Monday, November 18, 2013

Painting geometry and MEL scripts (Poplate)

I just added a new post to my other blog, Last Light Film Blog, where I talk a little about a MEL script I made a few quarters ago which was designed to allow me to randomly place as many different geometry files on a surface while controlling various aspects such as collision detection and scaling.  Long story short, my script had too many bugs to use in my forest scene for my senior film, so i decided to use another tool I recently discovered called the Paint Geometry tool.  No this tool doesn't let you paint on geometry (there are plenty of other ways to do that already, I prefer Z Brush or Mudbox myself).  Rather, this tool allows you to literally paint geometry on the surface of any geo you want.  So you could paint 3D bears on a sphere, grass on a plane, or in my case, a forest of pine trees on a mountain.

I decided to use this tool but there are a few issues with it I still need to work out.  First of all, it allows penetrating geometry, which may not be a problem in my case since the trees are all far away, but I will have to spend the time to see if it is noticeable and fix it if it is.  It also only allows one geometry to be painted on, which means I had to repeat the process with a different geo to get some variety.  Luckily it also supports randomizing scale and rotation, and even translation, but it does each axis by itself.  This means I could potentially have a flat tree, which is not desirable.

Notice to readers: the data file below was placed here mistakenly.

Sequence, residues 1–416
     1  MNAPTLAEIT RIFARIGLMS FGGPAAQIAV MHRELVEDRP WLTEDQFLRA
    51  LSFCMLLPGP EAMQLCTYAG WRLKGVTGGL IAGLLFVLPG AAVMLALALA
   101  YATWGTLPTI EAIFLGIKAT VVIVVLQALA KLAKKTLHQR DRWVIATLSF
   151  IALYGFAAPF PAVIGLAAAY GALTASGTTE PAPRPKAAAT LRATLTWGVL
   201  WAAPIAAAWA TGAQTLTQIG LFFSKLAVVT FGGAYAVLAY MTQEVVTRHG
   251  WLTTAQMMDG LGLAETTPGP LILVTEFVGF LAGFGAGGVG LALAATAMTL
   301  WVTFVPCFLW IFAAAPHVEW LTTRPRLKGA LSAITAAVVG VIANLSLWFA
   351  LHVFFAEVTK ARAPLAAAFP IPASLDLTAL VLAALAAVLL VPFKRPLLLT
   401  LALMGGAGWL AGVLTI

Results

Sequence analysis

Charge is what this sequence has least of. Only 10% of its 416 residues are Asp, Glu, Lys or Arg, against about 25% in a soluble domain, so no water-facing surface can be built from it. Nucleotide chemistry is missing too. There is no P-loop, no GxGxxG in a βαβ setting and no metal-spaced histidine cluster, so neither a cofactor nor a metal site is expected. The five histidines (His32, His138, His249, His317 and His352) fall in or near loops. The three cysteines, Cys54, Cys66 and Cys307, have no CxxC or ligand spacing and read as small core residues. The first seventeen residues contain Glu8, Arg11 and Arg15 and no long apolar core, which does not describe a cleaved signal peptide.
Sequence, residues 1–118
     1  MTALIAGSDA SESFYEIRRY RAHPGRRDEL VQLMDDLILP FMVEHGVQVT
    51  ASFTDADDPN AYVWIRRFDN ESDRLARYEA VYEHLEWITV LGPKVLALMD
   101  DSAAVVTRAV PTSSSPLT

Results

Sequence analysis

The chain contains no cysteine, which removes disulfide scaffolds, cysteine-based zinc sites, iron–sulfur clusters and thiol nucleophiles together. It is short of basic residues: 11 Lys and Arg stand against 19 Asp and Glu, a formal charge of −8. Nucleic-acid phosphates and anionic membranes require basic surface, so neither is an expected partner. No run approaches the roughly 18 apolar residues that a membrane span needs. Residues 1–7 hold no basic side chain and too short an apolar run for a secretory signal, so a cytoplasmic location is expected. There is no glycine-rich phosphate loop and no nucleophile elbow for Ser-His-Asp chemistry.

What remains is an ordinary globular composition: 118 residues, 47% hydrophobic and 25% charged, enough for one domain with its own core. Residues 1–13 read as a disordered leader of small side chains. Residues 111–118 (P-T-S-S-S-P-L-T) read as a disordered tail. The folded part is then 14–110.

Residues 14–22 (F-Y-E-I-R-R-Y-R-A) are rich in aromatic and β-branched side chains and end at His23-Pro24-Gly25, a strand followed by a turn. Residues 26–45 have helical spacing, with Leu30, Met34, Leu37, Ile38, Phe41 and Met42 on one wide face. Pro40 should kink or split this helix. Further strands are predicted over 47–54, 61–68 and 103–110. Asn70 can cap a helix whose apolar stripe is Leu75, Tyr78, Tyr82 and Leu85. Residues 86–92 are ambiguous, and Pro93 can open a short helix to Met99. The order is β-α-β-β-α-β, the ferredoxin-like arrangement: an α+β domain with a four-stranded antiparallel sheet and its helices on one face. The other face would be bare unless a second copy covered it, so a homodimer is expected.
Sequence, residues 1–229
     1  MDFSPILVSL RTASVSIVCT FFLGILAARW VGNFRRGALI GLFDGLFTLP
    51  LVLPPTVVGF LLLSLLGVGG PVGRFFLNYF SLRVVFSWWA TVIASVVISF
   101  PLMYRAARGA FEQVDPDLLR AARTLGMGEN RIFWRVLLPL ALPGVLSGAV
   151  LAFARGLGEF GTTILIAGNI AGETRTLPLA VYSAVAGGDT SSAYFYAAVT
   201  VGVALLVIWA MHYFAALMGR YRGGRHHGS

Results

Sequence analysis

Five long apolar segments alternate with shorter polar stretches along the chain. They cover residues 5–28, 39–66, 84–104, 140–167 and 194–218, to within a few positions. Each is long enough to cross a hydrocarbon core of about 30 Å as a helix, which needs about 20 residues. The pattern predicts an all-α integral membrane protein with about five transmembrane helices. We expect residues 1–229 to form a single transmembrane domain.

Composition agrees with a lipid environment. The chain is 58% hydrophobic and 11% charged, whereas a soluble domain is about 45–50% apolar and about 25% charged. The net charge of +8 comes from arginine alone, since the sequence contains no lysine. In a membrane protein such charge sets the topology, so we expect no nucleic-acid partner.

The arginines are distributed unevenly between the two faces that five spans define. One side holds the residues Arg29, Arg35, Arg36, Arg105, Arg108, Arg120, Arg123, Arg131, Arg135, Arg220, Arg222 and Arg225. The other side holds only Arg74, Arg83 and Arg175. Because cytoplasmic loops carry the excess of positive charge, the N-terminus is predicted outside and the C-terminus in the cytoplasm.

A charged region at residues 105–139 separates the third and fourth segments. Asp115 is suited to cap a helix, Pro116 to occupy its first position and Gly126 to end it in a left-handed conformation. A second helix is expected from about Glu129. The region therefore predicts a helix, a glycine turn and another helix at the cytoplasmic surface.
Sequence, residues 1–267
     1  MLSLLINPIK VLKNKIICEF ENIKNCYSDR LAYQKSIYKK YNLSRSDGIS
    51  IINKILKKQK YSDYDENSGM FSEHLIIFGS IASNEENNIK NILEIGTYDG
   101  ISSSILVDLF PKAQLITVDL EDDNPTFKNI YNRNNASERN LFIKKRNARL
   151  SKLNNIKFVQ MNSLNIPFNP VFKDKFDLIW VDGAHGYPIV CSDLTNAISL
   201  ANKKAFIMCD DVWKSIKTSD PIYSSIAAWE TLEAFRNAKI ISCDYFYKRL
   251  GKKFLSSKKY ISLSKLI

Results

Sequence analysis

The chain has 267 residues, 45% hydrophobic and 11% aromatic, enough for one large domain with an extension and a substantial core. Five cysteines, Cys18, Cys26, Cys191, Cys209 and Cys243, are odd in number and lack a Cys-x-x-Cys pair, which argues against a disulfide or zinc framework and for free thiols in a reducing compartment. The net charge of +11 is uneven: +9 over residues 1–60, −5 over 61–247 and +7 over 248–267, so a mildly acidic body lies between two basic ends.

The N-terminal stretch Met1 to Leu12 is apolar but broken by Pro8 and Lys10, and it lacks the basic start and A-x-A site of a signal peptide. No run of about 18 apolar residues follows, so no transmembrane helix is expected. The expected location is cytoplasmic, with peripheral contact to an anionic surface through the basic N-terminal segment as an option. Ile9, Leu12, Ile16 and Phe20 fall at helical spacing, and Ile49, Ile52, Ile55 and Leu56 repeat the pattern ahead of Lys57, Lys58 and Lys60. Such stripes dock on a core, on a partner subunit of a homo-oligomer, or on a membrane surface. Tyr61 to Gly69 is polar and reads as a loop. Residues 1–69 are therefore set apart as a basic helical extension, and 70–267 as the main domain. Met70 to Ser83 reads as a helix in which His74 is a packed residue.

So while I am still using this tool for now and have made adjustments to make sure it looks good, I have decided to still look into fixing my existing script, "Populate".  Populate will allow me to chose how many trees I want (or how dense I want it), how close together they are (for collision detection), select from as many ma and mb files as I want (and eventually obj, fbx, and alembic), and allow me to not only have random rotation on one or more axis, but also control random scaling in one of 3 ways, uniform scaling, diameter vs height (x+z vs y), or each axis separately.  I don't have to time right now to fix this... it is finals week, but during the winter break I want to take another look at this code and get a final fully functional version out there and then share it on here for anyone to use.

I will provide more documentation on Populate when I get the chance to refine it.  It does have some specific requirements for the importing geometry, and I would LOVE to have it use rib archives or even instances of an object instead of just geometry, to fit the user's needs.  For now, enjoy a screenshot from the opening shot of my final film (not lit or textured yet).

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